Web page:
Credit Suisse shares plummeted 30% this Wednesday, March 15, reaching the lowest in the firm’s more than 100-year history, and generating uncertainty in the European financial sector. A situation that came after the Saudi SNB group, its main shareholder, expressed its refusal to contribute more capital to the Swiss institution.
The first alarms sounded in the United States with the bankruptcy of the Silicon Valley Bank. This Wednesday, March 15, they moved to Europe. The shares of one of the main Swiss banks, Credit Suisse, fell 30%, meeting a record low.
A collapse that is explained because its greatest shareholder, the Saudi National Bank, reported that couldn’t provide him with any more financial help.
At the news, andhe Swiss National Bank was willing to provide liquidity to Switzerland’s second largest bank “if necessary.”
Hours later, Credit Swiss Group AG announced it will borrow up to 50 billion Swiss francs ($54 billion) from the Swiss National Bank, calling it a “decisive move” to strengthen its liquidity.
A domino effect?
The fall in the Swiss bank’s shares appeared to have a ripple effect on other European banking giants. With losses of 12% for the French Société Generale and 10% for BNP Paribas. While the Spanish BBVA and Santander have yielded between 8% and 11%.
For its part, the European Banking Index has reported losses of just over 127 billion dollars in European entities since March 8.
“Credit Suisse is not just a problem for Switzerland, it’s a global problem,” said Andrew Kenningham, chief European economist at Capital Economics, a firm that analyzes the global financial market.
The last straw in a glass full of past scandals
The bank has been embroiled in numerous financial controversies in the past.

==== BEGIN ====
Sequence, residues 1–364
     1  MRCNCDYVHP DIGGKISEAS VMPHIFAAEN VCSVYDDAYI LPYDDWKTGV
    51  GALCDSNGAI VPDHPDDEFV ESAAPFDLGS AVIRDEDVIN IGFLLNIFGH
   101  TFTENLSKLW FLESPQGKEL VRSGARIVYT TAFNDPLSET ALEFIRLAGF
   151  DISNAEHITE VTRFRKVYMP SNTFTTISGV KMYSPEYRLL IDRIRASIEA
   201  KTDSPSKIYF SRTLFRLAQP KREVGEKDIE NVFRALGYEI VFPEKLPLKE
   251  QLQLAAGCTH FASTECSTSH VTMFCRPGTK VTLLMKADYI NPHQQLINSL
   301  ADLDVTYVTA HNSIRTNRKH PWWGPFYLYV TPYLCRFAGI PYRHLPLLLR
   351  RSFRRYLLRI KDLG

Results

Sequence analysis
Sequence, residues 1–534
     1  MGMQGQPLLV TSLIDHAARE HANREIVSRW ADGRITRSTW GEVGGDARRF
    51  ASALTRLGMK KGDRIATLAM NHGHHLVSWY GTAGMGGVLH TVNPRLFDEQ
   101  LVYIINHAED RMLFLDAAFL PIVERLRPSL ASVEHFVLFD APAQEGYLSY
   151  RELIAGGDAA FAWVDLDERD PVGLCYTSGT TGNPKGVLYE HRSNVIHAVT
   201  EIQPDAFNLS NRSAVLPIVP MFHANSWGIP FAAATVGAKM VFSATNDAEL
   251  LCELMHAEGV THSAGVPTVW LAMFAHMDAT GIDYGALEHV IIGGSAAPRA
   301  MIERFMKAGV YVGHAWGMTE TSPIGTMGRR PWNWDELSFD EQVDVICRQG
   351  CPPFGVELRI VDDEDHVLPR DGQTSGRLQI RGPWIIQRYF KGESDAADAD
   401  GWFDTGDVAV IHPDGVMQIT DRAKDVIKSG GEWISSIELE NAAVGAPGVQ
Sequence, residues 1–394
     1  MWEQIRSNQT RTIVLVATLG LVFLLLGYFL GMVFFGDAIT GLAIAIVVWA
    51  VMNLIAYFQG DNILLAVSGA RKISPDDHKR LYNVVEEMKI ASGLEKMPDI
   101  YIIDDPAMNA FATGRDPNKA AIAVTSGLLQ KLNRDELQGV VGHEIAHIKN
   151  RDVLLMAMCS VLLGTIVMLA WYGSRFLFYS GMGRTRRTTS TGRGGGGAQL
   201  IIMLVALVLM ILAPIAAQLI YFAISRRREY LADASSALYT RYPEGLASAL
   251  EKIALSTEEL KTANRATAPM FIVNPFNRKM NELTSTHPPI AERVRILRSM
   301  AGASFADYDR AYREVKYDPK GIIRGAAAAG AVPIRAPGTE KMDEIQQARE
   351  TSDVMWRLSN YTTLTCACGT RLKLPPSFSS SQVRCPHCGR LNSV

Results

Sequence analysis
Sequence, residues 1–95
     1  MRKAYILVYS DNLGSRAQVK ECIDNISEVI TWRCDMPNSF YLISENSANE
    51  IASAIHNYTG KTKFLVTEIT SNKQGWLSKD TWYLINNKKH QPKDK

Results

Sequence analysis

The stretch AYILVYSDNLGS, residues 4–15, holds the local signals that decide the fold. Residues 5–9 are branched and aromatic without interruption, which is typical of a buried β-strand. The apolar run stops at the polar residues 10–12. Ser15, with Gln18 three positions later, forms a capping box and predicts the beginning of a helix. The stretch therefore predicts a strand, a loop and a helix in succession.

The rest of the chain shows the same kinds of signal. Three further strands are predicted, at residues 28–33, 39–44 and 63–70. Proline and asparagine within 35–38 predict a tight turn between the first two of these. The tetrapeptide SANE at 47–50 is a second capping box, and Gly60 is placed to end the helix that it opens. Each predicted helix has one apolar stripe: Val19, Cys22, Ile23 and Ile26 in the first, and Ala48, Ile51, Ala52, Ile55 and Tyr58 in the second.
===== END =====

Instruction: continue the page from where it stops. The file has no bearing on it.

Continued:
First, due to the largest commercial loss in the history of the institution as a result of the bankruptcy of British financial firm Greensill, in which Credit Suisse had committed some $10 billion through four funds.
Second, by the financial collapse of the investment fund Archegos Capital, in which it was affected by some 5,000 million dollars.
The concern of the European banking sector over the fall of Credit Suisse translates into default insurance on the Swiss giant’s bonds —the famous ‘credit default swap’ or CDS— which have reached levels close to 800 points.
CDS are insurance that bank investors buy so they don’t lose their money in case the institutions can’t pay the debts: the increasing cost of CDS for Credit Suisse means that the sector sees its implosion increasingly likely .
Strengthening financial regulations in Europe after 2008
The financial crisis that hit global markets in 2008 caused the old continent to sharpen the rules to regulate banking activity in its jurisdiction. One of the most important moves in this area was to transfer the supervision of large financial firms to the European Central Bank.
Before that decision was made, each national central bank was in charge of supervising the institutions of its country. According to expert voices, this sought to have the European supranational banking entity monitor national regulatory entities, making it less likely that problems would be ignored compared to if there was only control by the authorities of each country.
Despite this measure, Credit Suisse is not supervised by the European Central Bank, although it is monitored by other European entities outside the Swiss government. In addition, it has to be governed by international regulations that require high standards of financial health.
A contagion in the global financial system?
The collapse of Credit Suisse shares adds to the tension in the international market caused by the bankruptcy of two US banks, Silicon Valley Bank (SVB) and Signature Bank, last week.
For some experts it is not an international contagion. “Credit Suisse is an isolated case,” said Charles-Henry Monchau, head of Syz Bank’s investment office.
Despite the calm transmitted by a sector of the European financial scene, the sum between the crisis caused by the implosion of US banks and a possible bankruptcy of the Swiss giant could wreak significant havoc on the international economic system.
Although regulations have tightened significantly after the 2008 crisis, some institutions like Credit Suisse have found loopholes for their risky financial moves.
SVB and Signature Bank were considered medium-sized banking institutions by experts. However, Credit Suisse is a European giant with considerable influence in the international market. A fall could open the doors to a complex scenario for the economic future of the world.
With Reuters, AP and local media